"Basically, the idea is that corporate entities can take tax credits for solar, and public tax-exempt entities can't," Coughlin said. "PPA's are a way we can combine the two so that local governments can benefit intrinsically from tax credits. ... Rather than purchasing the system, you actually partner with a solar developer and give them a lease to your roof or maybe an easement. They buy the system, and then you agree to buy all the electricity from them at a fixed price over 15 to 25 years. Most large systems are being financing using this model," he said.
Morrissey said Denver currently has 4 megawatts of photovoltaic (PV) solar capacity installed on city facilities, including 3.6 megawatts located at the Denver International Airport. That project, as well as smaller installations on the roofs of the Colorado Convention Center and the Denver Museum of Nature and Science, used PPAs as one piece of a complex funding puzzle that also included utility incentives, federal grants, tax credits and other sources.
Morrissey said PPAs are a great way to "hedge against raising energy costs," since they freeze the price of electricity, potentially for decades. However, he warned, negotiating a PPA is not child's play.
"These are complex legal arrangements. It's important that you have good support from your city attorney's office. It's really critical that we think about all the issues before we start projects," he said.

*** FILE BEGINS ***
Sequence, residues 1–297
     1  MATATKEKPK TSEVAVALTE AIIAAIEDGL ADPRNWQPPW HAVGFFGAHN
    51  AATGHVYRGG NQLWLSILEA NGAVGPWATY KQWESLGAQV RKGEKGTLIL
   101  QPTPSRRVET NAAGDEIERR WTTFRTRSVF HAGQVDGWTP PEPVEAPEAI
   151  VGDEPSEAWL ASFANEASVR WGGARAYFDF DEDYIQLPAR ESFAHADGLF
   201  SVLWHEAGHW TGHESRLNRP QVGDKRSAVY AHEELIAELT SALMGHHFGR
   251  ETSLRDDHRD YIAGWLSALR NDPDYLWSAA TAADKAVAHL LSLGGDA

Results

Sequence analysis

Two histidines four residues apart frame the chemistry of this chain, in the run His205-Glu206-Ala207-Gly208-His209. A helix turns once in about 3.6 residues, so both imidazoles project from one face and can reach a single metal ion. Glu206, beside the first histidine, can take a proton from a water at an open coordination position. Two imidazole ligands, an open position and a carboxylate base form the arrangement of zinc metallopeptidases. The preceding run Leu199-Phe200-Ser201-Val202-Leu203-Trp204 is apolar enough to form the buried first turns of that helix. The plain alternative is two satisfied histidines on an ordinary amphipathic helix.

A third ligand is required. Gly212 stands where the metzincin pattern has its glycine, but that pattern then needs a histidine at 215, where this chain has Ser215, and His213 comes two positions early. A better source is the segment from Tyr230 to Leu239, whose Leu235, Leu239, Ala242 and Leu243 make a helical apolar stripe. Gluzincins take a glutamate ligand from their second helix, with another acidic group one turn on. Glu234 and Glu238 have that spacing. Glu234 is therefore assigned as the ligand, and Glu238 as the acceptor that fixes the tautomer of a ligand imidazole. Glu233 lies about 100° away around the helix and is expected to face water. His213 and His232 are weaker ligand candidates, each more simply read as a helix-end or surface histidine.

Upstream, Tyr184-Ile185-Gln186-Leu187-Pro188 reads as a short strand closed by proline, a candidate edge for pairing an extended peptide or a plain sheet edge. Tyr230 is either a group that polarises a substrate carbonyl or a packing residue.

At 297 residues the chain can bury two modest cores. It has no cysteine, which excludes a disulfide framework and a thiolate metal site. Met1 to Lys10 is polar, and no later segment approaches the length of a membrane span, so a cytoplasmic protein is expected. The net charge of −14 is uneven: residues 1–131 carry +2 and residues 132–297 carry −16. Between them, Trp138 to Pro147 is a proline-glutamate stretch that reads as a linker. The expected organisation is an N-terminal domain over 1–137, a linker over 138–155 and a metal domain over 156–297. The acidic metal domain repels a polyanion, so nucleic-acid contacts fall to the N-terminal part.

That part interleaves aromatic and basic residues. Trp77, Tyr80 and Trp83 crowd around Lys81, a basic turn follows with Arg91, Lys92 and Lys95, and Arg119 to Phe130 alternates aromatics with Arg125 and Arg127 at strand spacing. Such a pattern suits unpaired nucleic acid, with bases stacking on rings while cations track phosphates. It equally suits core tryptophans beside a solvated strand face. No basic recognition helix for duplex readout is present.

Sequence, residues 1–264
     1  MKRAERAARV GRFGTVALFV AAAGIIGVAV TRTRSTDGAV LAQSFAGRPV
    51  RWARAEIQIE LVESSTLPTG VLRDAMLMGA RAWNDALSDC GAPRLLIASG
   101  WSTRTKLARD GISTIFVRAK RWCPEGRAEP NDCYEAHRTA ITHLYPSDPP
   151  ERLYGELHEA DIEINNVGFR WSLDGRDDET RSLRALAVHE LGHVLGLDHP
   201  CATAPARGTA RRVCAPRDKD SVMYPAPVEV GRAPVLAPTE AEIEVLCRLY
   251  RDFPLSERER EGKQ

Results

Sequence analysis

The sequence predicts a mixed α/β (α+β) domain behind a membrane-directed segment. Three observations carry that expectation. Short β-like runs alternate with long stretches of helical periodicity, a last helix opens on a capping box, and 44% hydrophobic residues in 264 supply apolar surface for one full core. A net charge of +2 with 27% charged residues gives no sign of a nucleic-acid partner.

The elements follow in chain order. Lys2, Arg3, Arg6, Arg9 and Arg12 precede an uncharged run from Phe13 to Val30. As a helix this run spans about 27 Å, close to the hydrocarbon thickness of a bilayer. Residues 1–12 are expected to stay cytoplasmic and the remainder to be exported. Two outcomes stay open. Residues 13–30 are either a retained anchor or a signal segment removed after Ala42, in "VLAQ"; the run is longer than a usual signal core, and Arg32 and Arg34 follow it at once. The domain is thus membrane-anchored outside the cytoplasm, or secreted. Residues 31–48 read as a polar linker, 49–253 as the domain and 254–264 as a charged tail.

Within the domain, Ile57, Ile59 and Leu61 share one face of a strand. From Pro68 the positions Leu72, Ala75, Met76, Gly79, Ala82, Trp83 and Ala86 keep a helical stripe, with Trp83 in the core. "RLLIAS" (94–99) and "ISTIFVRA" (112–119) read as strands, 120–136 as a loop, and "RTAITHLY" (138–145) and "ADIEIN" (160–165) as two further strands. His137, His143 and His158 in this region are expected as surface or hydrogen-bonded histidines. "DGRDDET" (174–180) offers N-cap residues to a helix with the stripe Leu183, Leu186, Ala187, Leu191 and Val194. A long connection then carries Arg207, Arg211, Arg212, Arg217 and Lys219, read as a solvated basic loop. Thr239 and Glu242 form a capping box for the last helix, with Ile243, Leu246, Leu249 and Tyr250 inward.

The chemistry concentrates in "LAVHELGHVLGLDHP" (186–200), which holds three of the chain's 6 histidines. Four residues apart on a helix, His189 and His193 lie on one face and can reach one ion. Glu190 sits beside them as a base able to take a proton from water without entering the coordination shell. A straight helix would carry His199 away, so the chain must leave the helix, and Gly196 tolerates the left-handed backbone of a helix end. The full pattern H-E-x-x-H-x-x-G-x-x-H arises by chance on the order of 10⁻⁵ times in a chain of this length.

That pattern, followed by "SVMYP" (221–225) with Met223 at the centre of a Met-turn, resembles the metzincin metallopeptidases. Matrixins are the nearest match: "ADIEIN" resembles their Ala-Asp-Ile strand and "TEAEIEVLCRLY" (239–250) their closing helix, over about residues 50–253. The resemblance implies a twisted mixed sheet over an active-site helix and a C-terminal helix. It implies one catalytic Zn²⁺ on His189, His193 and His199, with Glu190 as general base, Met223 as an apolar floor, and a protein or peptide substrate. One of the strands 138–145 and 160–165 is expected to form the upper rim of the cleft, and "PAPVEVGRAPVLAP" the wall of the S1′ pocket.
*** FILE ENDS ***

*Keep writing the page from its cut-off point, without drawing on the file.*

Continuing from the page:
As an example, Morrissey said, typical utility contracts are not structured with PPAs in mind. "So, we needed to make some changes with our public utilities commission in order to take advantage of the incentives the way we needed to," he said. Other issues, like the way solar panels impact roof warranties on buildings, might not be anticipated, so Morrissey suggested cities take the time to engage with all stakeholders early in the process and seek advice from federal agencies and cities that have experience with financing solar projects through PPAs.
Among the tax credits available to the private sector is the Federal Investment Tax Credit for Wind and Solar, which Hunt said is a 30% tax credit for residential and commercial systems available through 2016. Commercial systems enjoy an accelerated depreciation of 40% in the first year.